Sunday, 4 April 2010

Easter quiz

Just for a change, a photo quiz. It's about time I provided a little light relief. All those numbers and shit.

What's the connection between this pub and Easter?



As a clue, here's a nearby pub I used to drink in (Tap Bitter and bottled Guinness mixed was my tipple):


If someone comes up with a good answer there may even be a prize.

9 comments:

DaleJ said...

It is believed to be the origination of the tradition of hanging a hot cross bun over the doorway.

Dating back to the early 19th century, a widow hung a hot cross bun over the door way to welcome back her sailor son. He never came. She continued to do it every year after in hopes he would return.

rod said...

Tricky one, this - "the Widow's Son" has, I believe, Masonic connotations, but that doesn't get me very far...... neither does the Union Jack (except to make it marginally less likely that I would pop in for a pint). The other (closed) pub seems to be called the Tenterden, as in Kent, but that doesn't lead anywhere particular, either.
I'm going to stick my neck out, and suggest that the connection that this pub has with Easter is that they sell beer, are open over Easter, and Jesus drinks there.

Anonymous said...

Take it's the Bun House...
http://www.visitbritain.co.uk/things-to-see-and-do/interests/food-drink/features/widows-son-pub.aspx

Gary Gillman said...

You are in London for the weekend, went to see old (Truman) haunts, they no longer operate, so you stopped by an atmospheric-looking pub nearby.

By the way barmy was a term used to describe fresh fermenting beer (ale-barm) and as used in that stout, must have denoted a bottle-conditioned product, as much stout was then.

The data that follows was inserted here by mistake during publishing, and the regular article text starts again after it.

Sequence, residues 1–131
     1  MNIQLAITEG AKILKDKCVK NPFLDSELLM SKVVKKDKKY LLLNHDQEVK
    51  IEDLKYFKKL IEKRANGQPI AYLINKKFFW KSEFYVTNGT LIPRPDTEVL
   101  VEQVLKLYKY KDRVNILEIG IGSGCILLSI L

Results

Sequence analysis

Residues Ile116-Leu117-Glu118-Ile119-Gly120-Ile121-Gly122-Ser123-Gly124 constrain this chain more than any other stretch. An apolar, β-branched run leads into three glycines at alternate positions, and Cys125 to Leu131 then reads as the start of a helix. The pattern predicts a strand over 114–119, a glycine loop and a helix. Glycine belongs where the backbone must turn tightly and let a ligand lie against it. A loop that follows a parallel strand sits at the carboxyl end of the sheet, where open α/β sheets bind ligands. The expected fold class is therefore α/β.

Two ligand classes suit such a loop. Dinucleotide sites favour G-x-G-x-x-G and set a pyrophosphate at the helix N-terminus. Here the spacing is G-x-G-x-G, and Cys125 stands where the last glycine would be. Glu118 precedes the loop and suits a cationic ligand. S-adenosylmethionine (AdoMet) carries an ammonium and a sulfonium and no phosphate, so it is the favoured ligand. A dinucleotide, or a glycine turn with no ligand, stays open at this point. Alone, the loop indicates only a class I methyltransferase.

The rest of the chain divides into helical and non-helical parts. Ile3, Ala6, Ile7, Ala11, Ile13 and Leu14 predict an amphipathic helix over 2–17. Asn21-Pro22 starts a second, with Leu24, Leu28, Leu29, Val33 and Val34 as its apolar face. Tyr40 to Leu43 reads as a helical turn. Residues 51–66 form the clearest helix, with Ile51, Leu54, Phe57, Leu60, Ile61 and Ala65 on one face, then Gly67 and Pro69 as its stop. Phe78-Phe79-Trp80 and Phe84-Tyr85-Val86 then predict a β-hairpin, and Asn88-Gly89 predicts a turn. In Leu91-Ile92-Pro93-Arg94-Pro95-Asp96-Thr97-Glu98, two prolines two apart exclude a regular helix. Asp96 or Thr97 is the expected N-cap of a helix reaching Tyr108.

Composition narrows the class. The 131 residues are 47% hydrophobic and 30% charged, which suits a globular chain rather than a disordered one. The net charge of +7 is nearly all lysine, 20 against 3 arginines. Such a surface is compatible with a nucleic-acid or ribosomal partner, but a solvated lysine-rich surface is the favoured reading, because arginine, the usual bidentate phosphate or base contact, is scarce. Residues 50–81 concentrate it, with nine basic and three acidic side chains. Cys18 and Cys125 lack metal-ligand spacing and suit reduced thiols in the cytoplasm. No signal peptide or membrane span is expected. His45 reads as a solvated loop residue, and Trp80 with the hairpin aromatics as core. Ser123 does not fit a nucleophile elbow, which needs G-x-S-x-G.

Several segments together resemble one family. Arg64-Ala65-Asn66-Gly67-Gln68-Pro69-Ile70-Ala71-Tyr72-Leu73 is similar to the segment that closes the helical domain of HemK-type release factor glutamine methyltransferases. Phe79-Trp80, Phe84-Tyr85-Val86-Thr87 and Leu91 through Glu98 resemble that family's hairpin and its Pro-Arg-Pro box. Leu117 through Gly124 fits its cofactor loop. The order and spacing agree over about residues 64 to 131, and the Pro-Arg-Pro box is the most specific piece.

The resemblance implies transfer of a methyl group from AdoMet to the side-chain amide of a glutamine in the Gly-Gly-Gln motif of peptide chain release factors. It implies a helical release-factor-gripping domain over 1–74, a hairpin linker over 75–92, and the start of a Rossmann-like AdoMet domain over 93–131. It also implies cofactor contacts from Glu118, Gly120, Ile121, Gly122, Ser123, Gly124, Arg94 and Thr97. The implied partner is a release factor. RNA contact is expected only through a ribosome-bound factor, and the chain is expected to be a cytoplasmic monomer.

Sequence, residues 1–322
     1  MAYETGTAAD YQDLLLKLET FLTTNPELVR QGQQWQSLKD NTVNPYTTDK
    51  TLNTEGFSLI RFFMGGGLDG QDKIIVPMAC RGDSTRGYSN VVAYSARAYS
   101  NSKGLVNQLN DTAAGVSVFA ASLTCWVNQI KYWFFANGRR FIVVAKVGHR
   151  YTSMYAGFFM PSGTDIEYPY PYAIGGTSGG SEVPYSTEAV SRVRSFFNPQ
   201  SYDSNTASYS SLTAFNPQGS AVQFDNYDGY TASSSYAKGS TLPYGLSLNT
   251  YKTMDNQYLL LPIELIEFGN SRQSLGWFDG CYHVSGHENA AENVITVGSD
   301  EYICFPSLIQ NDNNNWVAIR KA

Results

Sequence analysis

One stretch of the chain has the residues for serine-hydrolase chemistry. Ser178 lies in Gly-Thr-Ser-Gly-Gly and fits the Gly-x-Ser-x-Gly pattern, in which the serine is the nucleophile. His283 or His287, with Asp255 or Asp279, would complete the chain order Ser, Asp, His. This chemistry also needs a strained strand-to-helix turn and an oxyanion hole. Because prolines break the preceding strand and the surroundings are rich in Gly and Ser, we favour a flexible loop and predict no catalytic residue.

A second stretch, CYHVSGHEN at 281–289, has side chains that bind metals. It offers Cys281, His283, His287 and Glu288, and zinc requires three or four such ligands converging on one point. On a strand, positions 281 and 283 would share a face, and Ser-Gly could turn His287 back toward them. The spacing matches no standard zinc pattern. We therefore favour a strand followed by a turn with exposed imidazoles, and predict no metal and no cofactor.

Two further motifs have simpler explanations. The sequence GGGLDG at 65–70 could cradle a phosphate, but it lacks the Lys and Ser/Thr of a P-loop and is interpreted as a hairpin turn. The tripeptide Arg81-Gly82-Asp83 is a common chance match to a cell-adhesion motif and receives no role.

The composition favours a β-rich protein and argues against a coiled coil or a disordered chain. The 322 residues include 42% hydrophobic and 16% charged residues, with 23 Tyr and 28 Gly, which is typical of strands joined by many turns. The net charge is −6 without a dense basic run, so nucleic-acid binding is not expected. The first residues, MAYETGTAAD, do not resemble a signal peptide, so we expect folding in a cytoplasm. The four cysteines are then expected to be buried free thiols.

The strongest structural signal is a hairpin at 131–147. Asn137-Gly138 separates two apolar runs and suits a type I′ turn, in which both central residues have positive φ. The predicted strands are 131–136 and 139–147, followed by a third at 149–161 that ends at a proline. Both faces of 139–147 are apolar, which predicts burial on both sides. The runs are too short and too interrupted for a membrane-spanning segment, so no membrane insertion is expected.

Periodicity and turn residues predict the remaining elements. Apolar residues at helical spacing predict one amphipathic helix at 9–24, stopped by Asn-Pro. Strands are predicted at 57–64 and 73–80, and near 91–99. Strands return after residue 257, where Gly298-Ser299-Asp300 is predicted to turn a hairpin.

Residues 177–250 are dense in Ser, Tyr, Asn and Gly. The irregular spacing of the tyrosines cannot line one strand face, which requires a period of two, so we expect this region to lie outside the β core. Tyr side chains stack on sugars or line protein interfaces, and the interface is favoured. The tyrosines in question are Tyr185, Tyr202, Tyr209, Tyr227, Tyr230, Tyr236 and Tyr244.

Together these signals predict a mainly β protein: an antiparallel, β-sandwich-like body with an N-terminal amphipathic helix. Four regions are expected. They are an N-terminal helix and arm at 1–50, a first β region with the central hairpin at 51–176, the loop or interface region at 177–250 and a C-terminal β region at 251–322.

When it comes to prizes, one likes two kicks at the can (so to speak).

Gary

Ron Pattinson said...

DaleJ and ekes, you both have the correct answer. The pub is the Bun House on Devons Road, Bromley by Bow.

I used to live just around the corner. Though I didn't drink in there, 'cos it has shit beer. The Tenterden just down the road, a Truman's pub, was one of my haunts.

Anonymous said...

Gary: the hot cross bun, of course, is a relative of barm brack. So there's a hint of a yeasty connection there …

Gary Gillman said...

Thanks Martyn, otherwise I was out in left field as we say here! But as we also say here, no cigar!

Gary

ZakAvery said...

And unless I'm mistaken, barm cakes are bread rolls / baps in the Mancunian / Lancastrian vernacular.

Barm said...

Gary, it doesn't seem likely to me that the name Barmy Stout has anything to do with its yeast content. Barmy wouldn't mean anything at all to a French-speaking market. If it was bottle-conditioned, probably only inasmuch as most beers were at the time.

Look at the label and the guardsman on it. Maybe they wanted to call it Army Stout but there was some sort of law against it. Or it's just a random English word.